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Do you sell gold, silver or platinum objects? You must have these objects assayed by a recognised assay office (WaarborgHolland or Edelmetaal Waarborg Nederland, in Dutch). They inspect the gold, silver or platinum content of items. Upon approval, they issue a quality mark. If the objects do not (yet) have a quality mark, you may have them in you posession for a maximum of 4 weeks. You may not show them to your customers and you may not offer to sell these objects.
The quality mark looks different depending on which precious metal the object is made of. You can find a chart of the marks on the Radiocommunications Agency's website (in Dutch). Make sure this chart is visible in your store.
Some products are exempt from assaying (in Dutch), such as those that weigh less than 0.5 grams (for platinum), 1 gram (for gold) or 8 grams (for silver) and products intended for export.
There are also instances where an object does not need to have a quality mark, such as gold or silver coins that are not sold as jewellery. Or objects that are too delicate to be marked.
There is a voluntary, internationally recognised hallmark for the precious metal palladium (in Dutch). Articles made from palladium can be submitted to the recognised assay offices to obtain the hallmark.
Objects from foreign countries
If an object from a foreign country has been assayed in the country of origin, the Netherlands can recognise this assaying hallmark. One requirement is that the foreign assay office is an independent agency.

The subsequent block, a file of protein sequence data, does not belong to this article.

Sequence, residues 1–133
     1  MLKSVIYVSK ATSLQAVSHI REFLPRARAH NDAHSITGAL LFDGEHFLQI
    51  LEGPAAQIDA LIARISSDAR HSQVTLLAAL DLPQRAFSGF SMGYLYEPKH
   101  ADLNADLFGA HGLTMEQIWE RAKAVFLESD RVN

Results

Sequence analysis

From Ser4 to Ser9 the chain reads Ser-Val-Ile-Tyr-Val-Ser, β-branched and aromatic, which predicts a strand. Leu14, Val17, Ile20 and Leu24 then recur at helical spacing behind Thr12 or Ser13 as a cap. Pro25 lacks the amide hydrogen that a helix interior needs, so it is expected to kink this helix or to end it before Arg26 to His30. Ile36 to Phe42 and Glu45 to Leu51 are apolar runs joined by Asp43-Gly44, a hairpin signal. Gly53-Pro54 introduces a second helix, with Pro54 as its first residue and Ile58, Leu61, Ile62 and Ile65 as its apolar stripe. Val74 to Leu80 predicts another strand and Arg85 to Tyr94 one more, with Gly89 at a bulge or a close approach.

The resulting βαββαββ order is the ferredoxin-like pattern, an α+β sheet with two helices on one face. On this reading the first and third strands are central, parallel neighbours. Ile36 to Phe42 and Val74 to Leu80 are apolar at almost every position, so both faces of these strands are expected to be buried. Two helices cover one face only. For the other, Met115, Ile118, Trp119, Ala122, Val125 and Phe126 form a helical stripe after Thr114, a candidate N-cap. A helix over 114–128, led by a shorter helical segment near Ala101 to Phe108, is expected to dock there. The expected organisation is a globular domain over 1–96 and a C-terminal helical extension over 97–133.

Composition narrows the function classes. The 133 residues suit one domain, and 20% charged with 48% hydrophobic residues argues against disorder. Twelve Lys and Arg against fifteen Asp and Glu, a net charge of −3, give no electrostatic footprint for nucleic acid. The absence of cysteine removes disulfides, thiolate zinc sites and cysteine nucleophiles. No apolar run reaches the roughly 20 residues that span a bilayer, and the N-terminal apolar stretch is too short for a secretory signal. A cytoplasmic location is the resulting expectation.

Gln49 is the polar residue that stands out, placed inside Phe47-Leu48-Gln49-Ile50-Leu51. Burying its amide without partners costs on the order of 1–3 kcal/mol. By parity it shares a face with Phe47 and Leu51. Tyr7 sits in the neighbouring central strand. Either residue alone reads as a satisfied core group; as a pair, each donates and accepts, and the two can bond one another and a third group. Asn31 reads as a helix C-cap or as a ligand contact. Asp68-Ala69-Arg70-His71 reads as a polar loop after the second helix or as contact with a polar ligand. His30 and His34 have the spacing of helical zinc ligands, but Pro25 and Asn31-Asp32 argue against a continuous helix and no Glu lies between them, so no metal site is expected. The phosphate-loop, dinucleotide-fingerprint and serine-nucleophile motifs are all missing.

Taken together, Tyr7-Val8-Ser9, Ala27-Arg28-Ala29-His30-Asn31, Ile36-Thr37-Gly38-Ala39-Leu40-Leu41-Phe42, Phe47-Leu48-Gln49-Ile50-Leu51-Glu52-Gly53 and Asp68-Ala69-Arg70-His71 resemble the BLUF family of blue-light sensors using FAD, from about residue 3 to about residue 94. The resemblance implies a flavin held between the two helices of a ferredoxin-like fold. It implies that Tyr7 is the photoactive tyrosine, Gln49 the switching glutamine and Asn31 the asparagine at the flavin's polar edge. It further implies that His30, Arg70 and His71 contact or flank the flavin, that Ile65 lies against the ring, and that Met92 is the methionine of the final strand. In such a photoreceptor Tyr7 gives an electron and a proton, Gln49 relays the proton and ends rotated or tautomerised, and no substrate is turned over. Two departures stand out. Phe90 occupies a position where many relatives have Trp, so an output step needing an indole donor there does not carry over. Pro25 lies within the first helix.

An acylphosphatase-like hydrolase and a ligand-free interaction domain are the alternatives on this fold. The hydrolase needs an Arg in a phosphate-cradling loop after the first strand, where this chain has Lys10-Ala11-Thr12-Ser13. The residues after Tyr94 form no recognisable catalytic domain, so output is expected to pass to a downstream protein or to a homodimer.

The Netherlands has signed the International Convention on Hallmarks. This means that Dutch assay offices can apply the convention's Common Control Mark, which will then be recognised by all contracting states. Conversely, convention hallmarks applied by other contracting states are recognised in the Netherlands.
Please note: The technical requirements imposed by the Netherlands in respect of precious metals differ from those of other EU Member States. If a gold, silver or platinum object is already allowed in another EU Member State, an assay office may ban its sale in the Netherlands only in exceptional cases.
Modernising of the Assay Act
As of 1 July 2020, the Assay Act has been modernised. The main changes are:
- maximum rates the assay offices may charge are determined
- assay offices need accreditation
- the Radiocommunictions Agency (Agentschap Telecom), the Dutch supervising body, may impose an order subject to an incremental penalty
- the act is more suited to technical developments in the hallmarking process